Germans May Lose Their Freedom to Assemble
On August 1, thousands of Germans demonstrated against the government’s coronavirus measures. The organizers of “Tag der Freiheit” (“Freedom Day”) claim that the government is misrepresenting the threat of the virus. Around 20,000 protesters assembled, ignoring government-enforced health guidelines.
Because many demonstrators didn’t keep social distancing rules or wear masks, the police broke up the gathering. Of the 1,100 police officers on duty, 18 were injured during the demonstration.
The demonstration has sparked a debate about which is of greater value: people’s freedom to assemble or public health. The response to coronavirus has led to many freedoms and rights around the world being suspended. Many Germans hold these freedoms dear because they lost them less than a century ago to one of history’s most ruthless dictators: Adolf Hitler. At the same time, others are willing to give up those freedoms.
“German politicians have lined up to condemn Saturday’s protests against covid-19 measures,” Deutsche Welle noted on August 3. “There is a heated debate as the freedom of assembly is enshrined in the constitution—but so is protecting public safety.” The government has to ensure the public’s safety, but what happens if the German people disagree with the government’s conclusions or even believe that they are being lied to?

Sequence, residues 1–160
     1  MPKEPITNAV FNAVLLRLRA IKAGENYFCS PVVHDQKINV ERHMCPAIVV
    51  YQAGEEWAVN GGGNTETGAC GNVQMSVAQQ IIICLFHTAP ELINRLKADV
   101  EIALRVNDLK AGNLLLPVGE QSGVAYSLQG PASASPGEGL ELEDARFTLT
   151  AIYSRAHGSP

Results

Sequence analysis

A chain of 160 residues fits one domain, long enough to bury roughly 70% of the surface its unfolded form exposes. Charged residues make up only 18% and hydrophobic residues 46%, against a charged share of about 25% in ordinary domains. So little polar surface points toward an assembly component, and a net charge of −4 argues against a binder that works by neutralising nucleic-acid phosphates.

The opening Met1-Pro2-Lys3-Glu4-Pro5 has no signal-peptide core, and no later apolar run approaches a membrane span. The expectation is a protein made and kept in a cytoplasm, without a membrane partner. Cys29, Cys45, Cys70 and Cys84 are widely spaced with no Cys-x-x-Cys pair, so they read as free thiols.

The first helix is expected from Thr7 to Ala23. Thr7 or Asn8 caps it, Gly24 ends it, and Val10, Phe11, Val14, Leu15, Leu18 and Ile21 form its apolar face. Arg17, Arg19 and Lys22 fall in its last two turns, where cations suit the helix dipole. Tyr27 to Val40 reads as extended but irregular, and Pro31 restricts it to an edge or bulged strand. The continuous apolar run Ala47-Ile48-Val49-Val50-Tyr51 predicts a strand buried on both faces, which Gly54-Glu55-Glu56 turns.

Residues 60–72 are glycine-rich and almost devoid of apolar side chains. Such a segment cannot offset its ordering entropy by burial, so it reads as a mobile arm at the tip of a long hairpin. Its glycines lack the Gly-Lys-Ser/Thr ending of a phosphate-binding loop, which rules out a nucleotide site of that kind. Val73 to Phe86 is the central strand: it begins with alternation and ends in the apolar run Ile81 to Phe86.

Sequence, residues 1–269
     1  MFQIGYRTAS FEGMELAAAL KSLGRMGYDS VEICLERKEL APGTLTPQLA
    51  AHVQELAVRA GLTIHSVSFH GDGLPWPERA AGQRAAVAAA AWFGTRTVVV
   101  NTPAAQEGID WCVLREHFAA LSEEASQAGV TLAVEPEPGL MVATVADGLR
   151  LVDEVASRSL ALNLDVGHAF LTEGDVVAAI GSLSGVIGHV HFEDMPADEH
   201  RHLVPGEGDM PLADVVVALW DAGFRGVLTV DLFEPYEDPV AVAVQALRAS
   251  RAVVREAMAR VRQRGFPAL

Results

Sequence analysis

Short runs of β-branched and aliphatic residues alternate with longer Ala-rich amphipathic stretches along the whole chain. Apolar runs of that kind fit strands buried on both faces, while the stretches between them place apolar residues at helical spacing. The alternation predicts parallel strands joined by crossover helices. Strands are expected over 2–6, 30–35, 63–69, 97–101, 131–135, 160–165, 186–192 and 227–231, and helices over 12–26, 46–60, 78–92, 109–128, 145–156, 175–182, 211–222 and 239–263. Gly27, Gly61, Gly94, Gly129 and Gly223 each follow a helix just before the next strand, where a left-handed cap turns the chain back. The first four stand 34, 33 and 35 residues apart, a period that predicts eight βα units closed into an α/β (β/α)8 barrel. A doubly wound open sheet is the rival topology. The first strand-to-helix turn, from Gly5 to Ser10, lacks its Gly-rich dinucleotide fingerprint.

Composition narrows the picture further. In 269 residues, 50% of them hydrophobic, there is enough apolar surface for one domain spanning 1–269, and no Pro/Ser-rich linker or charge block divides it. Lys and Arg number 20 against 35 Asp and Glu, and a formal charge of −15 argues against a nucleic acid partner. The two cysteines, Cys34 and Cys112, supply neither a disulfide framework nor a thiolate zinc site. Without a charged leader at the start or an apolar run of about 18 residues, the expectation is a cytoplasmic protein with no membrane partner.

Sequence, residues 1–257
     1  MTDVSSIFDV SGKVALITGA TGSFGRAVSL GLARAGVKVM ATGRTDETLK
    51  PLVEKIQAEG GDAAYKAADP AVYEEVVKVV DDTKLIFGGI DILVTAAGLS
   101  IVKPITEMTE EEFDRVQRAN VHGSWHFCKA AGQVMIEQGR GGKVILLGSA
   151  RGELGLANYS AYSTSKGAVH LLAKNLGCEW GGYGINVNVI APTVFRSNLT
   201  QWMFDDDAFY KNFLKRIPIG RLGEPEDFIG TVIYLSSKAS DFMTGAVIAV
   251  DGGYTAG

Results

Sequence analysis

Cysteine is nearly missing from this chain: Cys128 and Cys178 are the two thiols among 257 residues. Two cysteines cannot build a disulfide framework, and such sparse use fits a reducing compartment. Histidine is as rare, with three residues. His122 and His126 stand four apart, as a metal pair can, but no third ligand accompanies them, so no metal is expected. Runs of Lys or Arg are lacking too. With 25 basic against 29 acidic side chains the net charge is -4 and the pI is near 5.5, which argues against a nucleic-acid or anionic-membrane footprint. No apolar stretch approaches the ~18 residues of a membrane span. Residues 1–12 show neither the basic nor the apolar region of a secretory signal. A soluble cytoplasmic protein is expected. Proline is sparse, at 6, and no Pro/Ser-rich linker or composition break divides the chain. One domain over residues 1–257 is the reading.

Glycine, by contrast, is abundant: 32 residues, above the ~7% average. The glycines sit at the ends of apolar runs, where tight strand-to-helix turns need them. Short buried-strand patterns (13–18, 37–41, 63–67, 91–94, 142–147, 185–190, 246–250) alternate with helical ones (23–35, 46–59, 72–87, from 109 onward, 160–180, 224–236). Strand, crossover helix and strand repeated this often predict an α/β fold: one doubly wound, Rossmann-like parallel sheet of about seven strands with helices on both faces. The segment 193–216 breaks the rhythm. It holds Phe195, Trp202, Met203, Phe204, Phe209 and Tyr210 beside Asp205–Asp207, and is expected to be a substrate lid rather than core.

In a survey published on August 8 by the Forsa Institute on behalf of the media group rtl, 91 percent of those surveyed said they had no sympathy for the protesters. “Never in the history of the federal republic has a minority opposed the majority of society as vehemently as in the coronavirus protests in Berlin,” Thomas Schmid noted for Die Welt (Trumpet translation throughout). These people, focused on their own wealth and prosperity, are selfishly taking to the streets, he said.
The media and politicians also criticized the protests. “The irresponsibility of a few is a risk for all of us,” President Frank-Walter Steinmeier said in a video message on Monday. “If we are not particularly careful now, we are endangering the health of many. And we are also endangering the recovery of our society, our economy, our cultural life. Each and every one of us now has a responsibility to prevent a second lockdown.”
Justice Minister Christine Lambrecht told Süddeutsche Zeitung newspaper that she “lacked all sympathy” for the protesters while agreeing that the right to assembly is “an especially valuable legal right.” Berlin Mayor Michael Müller said he believes that “the worst [part of it] is they simply don’t recognize the facts and [are risking] the health of other people.”
People have said that the only reliable source about the public health situation is the government itself. But what if people don’t trust their government in this situation? The government may claim that the people are reacting irrationally, lacking understanding of the science, and underestimating the situation. But if the people are forced to trust their governments, are they still living in a free democracy—with freedom of speech, freedom of opinion, and freedom of assembly?